Value stocks are supposed to beat their more glamorous growth brethren over time, but you wouldn’t know it from looking at the past decade.
Over the 10-year period through 2017, the Russell 1000 Growth index produced a 10% annualized return, dwarfing the Russell 1000 Value index’s 7.1%.
For the most part, value-oriented managers have lagged accordingly, but there are some funds that have acquitted themselves rather well.
These funds do not capture the value factor in the ordinary way – that is, overloading their portfolios with traditional value sectors such as energy, utilities, materials and financials. Instead, they tend to serve as all-weather funds that don’t require a value rebound. As a result, they haven’t been hampered by the value drought.
One value approach that has navigated the growth rally well is the Research Affiliates Fundamental index (RAFI).
This smart beta index ranks the top 1000 stocks on book value, sales, cash flow and dividends. This simple rearrangement betrays a value tilt without necessarily intending to. So, for example, the PowerShares FTSE RAFI US 1000 ETF has around 20% in financials – significantly more than the S&P 500's 16%. What’s more, the fund's value sectors haven’t hindered it. Its 9.02% annualized return over the past decade has outpaced the S&P 500’s 8.50%.
Another fund using this approach is the Pimco Fundamental Index Plus fund. Instead of owning the stocks in the fundamental index outright, this fund invests its assets in bonds and gains exposure to a derivative that tracks the index. If Pimco can beat the cost of the derivative with its bond portfolio, the fund can achieve an extra source of positive return.
Pimco can also override the rankings of the RAFI index, meaning that this fund is not purely rules-based. Despite having struggled with energy exposure in 2015 and 2016, the strategy has worked splendidly over the longer haul. The fund has posted a whopping 12.81% annualized return over the past decade – a 431 basis point annualized victory over the index, which lands it at the top of Morningstar’s Large Value category.
There are also two funds that use a sector approach. First, the iShares Edge MSCI USA Value Factor ETF, which accepts the sector weightings of the MSCI USA index and then chooses the cheapest stocks in each sector. Investors in this fund, therefore, aren’t making the same sector bets as an investor in a Russell 1000 ETF. That can be a benefit, but it can also be a drawback if out-of-favor sectors are poised to outperform and if recently favored sectors look overpriced.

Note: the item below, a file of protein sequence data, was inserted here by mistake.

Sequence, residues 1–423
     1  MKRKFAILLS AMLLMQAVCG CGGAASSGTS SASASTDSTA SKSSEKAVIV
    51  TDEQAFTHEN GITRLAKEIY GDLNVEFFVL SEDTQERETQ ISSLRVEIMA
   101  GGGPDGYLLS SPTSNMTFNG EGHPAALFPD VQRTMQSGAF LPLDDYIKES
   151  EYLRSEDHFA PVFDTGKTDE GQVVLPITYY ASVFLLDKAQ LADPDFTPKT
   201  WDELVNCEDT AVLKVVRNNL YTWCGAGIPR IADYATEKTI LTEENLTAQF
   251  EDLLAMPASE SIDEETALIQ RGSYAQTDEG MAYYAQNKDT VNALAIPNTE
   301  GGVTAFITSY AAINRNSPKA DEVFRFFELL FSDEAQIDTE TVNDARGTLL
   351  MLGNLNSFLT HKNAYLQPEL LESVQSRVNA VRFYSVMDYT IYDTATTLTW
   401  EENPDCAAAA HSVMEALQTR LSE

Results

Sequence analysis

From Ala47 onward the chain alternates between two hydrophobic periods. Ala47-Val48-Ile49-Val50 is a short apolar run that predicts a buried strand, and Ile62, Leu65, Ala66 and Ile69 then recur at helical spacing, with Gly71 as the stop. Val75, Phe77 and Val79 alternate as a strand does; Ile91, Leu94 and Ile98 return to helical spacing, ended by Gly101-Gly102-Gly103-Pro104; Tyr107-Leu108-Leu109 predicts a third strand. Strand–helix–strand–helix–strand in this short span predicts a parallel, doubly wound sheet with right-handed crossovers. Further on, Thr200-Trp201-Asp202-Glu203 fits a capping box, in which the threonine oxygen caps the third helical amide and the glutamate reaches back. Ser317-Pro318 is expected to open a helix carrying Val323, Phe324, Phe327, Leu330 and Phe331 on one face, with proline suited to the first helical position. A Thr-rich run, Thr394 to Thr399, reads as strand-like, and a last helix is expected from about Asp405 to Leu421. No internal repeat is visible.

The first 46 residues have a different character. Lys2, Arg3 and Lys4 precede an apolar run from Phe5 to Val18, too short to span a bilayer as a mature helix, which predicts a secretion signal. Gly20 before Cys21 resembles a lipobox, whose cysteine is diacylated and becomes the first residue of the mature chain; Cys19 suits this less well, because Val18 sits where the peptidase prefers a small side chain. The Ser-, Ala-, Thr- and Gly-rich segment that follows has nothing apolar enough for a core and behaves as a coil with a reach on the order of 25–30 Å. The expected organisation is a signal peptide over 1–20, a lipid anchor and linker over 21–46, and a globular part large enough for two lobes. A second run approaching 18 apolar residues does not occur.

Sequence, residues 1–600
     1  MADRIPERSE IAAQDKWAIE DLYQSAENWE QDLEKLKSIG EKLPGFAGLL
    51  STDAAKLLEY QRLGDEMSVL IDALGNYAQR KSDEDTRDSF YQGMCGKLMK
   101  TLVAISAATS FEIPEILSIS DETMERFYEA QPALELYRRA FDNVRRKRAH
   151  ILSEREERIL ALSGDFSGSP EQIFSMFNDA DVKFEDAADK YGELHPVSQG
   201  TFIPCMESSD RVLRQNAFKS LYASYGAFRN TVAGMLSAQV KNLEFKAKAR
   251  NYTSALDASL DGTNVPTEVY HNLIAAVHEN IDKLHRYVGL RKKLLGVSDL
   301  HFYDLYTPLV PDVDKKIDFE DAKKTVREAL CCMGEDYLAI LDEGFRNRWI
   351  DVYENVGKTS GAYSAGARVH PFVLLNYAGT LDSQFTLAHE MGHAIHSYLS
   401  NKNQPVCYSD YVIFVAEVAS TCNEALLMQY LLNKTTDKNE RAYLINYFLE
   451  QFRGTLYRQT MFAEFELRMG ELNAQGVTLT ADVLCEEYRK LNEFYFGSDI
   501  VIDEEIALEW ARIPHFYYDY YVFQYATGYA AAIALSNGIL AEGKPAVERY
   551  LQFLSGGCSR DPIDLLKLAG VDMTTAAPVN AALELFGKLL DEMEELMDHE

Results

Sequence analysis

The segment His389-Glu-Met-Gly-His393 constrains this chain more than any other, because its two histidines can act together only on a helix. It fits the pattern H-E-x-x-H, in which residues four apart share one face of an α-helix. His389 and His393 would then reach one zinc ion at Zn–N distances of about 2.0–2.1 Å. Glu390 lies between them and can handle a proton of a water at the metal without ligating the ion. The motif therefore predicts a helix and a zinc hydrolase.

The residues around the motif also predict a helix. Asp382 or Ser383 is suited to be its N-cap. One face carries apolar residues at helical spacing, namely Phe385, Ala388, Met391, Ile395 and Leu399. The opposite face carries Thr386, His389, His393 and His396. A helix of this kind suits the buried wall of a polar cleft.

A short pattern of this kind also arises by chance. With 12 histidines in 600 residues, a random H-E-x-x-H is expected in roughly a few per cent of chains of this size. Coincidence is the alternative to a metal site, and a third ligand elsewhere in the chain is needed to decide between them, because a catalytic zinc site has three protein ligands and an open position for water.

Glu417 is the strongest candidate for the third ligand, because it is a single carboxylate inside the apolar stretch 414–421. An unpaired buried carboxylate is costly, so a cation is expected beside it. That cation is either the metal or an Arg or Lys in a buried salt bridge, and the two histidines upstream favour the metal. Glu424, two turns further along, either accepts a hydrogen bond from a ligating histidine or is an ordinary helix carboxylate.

Nevertheless, this strategy is a useful way to benefit from the value-based approach over time. The fund doesn’t have a five-year track record, but over the past three years, it has trailed the S&P 500 index by less than one percentage point annually, with a 10.73% annualized return.
The second sector-based fund is the DoubleLine Shiller Enhanced CAPE fund. Like the Pimco fund, this fund invests in bonds and uses them as collateral, gaining exposure to the Shiller CAPE US Sector Index through a Barclays derivative. That index consists of four of the five cheapest sectors on a cyclically adjusted P/E or CAPE basis (price relative to the past decade’s worth of real average earnings).
The process of choosing the four sectors in the index consists of identifying the five cheapest on a CAPE basis, each one judged against its own history, and then eliminating the one with the worst one-year price momentum. The sectors are rebalanced monthly, and – as with the Pimco fund – if the return on the portfolio outpaces the cost of the derivative, the fund nets itself an extra source of positive return.
The DoubleLine fund is unique in that it is not tied to what is normally considered the value ‘factor’. Its four sectors could be growth sectors if those are the cheapest on a CAPE basis. The fund is currently invested in technology, consumer staples, healthcare and consumer discretionary, none of which are considered traditional value sectors. However, they are among the five cheapest sectors on a Shiller basis. From November 1, 2013 – a day after its inception – through the end of 2017, the fund has delivered a 16.35% annualized return, outpacing the S&P 500 Index’s 12.95% by 340 basis points.
A ray of hope
So whether you think that the growth rally is long in the tooth or that today’s growth stocks aren’t all that expensive when compared with other sectors and their respective histories, it’s worth considering these kinds of all-weather funds that take valuation seriously.
These funds should even be able to ferret out value if the current growth rally keeps on rolling.